The National Endowment for the Arts inducts its 2019 Jazz Masters on April 15.
In advance of the main event — a tribute concert at the Kennedy Center, which we’ll livestream here at WBGO — we’re celebrating the new class of honorees in Take Five.
Maria Schneider Orchestra, “Journey Home”
The youngest woman ever to be inducted as an NEA Jazz Master, at 58, Maria Schneider has unmistakably earned her honor. A trailblazing composer, arranger and conductor, she does most of her work at the helm of the Maria Schneider Orchestra, a big band of matchless nuance. This concert clip, filmed at Jazz à Vienne just over a decade ago, features her flamenco-esque piece “Journey Home,” from the widely acclaimed 2000 album Allégresse. (You can download the score from Schneider’s website, if you want to follow along.)
Charles Pillow plays the first solo in this performance, on alto saxophone; he’s followed by Ryan Keberle on trombone. Even during their improvisations, you’ll notice a great deal of swirling movement in the ensemble. Schneider just announced a new album project, Data Lords, through ArtistShare; she’ll be recording in late summer. Just before going into the studio, the orchestra will appear for two nights at Jazz Standard, July 30 and 31.
Abdullah Ibrahim, “Green Kalahari”
At 84, Abdullah Ibrahim is the greatest living musician from South Africa — a pianist and composer whose artistry can suggest the invisible pull of a deep current below the surface. In his youth, as Dollar Brand, he was a member of The Jazz Epistles, a groundbreaking band in Cape Town. His longstanding current ensemble is Ekaya, which has included collaborators like saxophonist Carlos Ward. This footage is from a 2014 solo performance at the Schomburg Center for Research in Black Culture.
The song is “Green Kalahari,” from an album called Bombella, with the WDR Big Band. In this mesmerizing performance, as Ben Ratliff observed in his review for The New York Times, Ibrahim is “proceeding with so much detail between chords that it was difficult to recognize; locomotive, riff-based Ellington-isms; tremolo chords, rocking back and forth; blocks of decaying sound. Mr. Ibrahim moved gently and slowly through this music, with patience deep in the bones.”
Bob Dorough, “You’re the Dangerous Type”
When the incomparable songwriter, singer and pianist Bob Dorough died last April, WBGO’s Michael Bourne paid tribute by remembering his first exposure to the landmark 1956 release Devil May Care. The title track is the most famous Dorough original on that bop-besotted album, but it’s worth pausing here to celebrate the insouciant wit and wordplay of “You’re the Dangerous Type.”
Just about everything we love about Bob Dorough is here in this cut — including a distinctive tone that combines worldly cool with wide-eyed enthusiasm. He’s backed by his longtime bassist Bill Takas, vibraphonist Jack Hitchcock, and drummer Jerry Segal; the trumpet solo is by Warren Fitzgerald. The NEA had already decided to induct Dorough when he died: though its announcement came posthumously, he was aware of the honor. (Had he lived, he would now be 96.)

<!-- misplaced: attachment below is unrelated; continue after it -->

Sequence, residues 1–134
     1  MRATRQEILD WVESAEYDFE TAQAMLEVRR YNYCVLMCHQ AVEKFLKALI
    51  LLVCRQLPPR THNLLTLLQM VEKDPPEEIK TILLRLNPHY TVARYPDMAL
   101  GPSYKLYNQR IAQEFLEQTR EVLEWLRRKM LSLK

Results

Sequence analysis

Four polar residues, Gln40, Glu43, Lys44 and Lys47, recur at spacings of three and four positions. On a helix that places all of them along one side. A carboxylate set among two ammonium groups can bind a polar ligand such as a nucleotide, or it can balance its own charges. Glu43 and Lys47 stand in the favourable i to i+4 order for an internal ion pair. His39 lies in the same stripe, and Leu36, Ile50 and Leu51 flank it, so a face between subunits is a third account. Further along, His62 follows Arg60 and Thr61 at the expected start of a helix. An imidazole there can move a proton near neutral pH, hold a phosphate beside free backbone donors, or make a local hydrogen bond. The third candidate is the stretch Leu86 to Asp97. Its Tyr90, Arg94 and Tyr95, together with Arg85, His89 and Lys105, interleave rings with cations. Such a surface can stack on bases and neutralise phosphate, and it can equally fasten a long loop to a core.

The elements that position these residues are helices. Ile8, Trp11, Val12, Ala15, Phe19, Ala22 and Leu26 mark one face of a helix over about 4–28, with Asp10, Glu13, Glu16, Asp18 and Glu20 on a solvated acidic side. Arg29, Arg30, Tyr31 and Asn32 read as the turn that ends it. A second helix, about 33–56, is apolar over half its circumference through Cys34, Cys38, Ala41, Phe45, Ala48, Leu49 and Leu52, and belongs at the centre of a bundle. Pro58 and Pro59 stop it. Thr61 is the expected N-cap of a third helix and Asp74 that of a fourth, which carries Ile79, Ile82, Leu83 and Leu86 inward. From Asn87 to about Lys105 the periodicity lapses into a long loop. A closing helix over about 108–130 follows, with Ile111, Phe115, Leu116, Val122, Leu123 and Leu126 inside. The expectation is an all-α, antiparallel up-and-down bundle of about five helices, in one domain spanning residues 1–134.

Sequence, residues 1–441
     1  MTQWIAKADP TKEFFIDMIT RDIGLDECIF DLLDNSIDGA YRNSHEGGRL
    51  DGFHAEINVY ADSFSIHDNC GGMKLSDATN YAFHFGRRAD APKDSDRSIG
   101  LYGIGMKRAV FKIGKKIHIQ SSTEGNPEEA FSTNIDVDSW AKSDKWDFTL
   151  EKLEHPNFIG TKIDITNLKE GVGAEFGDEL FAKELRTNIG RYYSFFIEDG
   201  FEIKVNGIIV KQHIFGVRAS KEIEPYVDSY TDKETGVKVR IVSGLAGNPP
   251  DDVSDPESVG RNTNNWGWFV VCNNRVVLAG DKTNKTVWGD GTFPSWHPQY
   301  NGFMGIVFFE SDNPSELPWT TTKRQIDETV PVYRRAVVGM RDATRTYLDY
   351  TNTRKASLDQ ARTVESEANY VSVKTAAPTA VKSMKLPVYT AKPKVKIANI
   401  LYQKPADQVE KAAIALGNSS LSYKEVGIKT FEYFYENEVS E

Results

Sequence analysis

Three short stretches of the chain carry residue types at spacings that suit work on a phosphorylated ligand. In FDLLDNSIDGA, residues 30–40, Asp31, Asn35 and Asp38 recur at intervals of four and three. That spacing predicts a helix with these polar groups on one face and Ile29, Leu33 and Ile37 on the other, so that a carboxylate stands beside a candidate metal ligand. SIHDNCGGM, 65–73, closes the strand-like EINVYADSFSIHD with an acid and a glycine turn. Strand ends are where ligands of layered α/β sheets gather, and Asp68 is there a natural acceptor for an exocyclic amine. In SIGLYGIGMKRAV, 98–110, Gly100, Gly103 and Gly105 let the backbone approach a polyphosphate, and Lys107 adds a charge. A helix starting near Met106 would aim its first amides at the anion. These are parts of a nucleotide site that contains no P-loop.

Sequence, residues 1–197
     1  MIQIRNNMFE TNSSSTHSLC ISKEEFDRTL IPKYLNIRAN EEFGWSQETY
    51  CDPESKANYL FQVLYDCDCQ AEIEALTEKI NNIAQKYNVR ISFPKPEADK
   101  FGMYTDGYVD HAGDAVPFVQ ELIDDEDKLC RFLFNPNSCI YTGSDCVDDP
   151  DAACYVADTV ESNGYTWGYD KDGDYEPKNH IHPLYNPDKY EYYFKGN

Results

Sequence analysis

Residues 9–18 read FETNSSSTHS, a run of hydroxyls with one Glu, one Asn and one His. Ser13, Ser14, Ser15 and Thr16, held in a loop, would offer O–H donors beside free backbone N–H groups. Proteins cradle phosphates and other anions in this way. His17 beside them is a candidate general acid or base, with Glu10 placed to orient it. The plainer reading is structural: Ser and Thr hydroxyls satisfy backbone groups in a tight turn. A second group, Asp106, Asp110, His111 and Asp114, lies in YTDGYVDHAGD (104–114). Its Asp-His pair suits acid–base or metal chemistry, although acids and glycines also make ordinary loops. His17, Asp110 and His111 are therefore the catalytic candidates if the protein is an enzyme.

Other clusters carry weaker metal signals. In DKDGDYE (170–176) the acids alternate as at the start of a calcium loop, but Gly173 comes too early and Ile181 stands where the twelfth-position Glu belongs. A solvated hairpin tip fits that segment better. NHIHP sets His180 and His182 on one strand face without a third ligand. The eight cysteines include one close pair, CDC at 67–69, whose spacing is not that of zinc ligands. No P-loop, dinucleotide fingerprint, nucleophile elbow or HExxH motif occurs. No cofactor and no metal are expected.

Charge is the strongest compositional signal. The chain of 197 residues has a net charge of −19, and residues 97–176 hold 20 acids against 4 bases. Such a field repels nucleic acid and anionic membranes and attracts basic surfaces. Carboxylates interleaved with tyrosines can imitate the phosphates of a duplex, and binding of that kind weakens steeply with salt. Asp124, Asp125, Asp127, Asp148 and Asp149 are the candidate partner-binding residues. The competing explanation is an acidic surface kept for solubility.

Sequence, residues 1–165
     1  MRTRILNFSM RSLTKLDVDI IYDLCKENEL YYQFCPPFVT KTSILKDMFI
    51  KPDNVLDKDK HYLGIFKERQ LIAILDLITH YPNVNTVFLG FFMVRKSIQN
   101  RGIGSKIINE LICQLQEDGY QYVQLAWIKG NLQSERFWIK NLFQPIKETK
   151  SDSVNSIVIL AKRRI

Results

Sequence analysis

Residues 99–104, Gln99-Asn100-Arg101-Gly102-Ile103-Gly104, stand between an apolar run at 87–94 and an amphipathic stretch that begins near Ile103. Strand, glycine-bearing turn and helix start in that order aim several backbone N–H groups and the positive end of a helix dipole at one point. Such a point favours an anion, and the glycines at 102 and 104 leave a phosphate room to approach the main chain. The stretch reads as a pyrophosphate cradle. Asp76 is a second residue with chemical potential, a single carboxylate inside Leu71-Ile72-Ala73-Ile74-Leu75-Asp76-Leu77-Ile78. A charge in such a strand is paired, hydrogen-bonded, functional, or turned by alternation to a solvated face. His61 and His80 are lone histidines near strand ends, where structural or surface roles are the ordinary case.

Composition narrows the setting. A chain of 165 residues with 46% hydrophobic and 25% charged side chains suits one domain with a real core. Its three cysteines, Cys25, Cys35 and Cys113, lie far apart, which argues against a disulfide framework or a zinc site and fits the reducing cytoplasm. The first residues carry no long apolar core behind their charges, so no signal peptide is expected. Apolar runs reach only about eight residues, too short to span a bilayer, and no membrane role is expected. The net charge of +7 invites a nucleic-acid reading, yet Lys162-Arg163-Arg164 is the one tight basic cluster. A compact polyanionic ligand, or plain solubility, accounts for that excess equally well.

Stanley Crouch on Charlie Rose, 1992
If you know Stanley Crouch at all, you probably know him as a prolific pontificator — not only on the page, but also onstage and onscreen. Here is some vintage tape of Crouch, this year’s recipient of the A.B. Spellman NEA Jazz Masters Fellowship for Jazz Advocacy, on the PBS show Charlie Rose, with Wynton Marsalis and Marcus Roberts, two artists he has steadfastly championed.
As a critic and longtime consultant to Jazz at Lincoln Center, Crouch has often been asked to define the essence of jazz. Sometimes his answers have been combative or controversial, but here he offers a vivid enumeration of qualities (borrowing an idea or two from the writings of Ralph Ellison). “That an ensemble language, a collective language of music, is partially composed and partially improvised,” he says, “shows how powerfully people can be themselves and be a collective at the same time — and that’s where the real force of jazz comes from.”
David Murray & The Low Class Conspiracy, “Flowers For Albert”
Finally, a wildcard selection that acknowledges another side of Stanley Crouch. Before he rose to prominence as a writer, he was a drummer making the rounds on the so-called “loft scene.” One of his most productive associations was with the powerful tenor saxophonist David Murray. Here is a live recording of Murray and Crouch at the Bimhuis in Amsterdam in 1977. They’re playing the title track of Murray’s album Flowers For Albert,” a tribute to Albert Ayler, with a band that features Butch Morris on cornet, Fred Hopkins on bass and Don Pullen on piano.
In addition to showcasing Crouch in what might seem a surprising light — as an avant-gardist rather than a preservationist, and a drummer rather than a critic — this track gives us an excuse to feature Murray, who has led a heroic career in jazz, in and out of public favor. The saxophonist has received his share of accolades, including the Jazzpar prize, a Grammy award, and a Guggenheim Fellowship. But he hasn’t yet joined the ranks of NEA Jazz Masters. He’ll turn 65 in 2020 — and maybe, just maybe, that’ll be his year.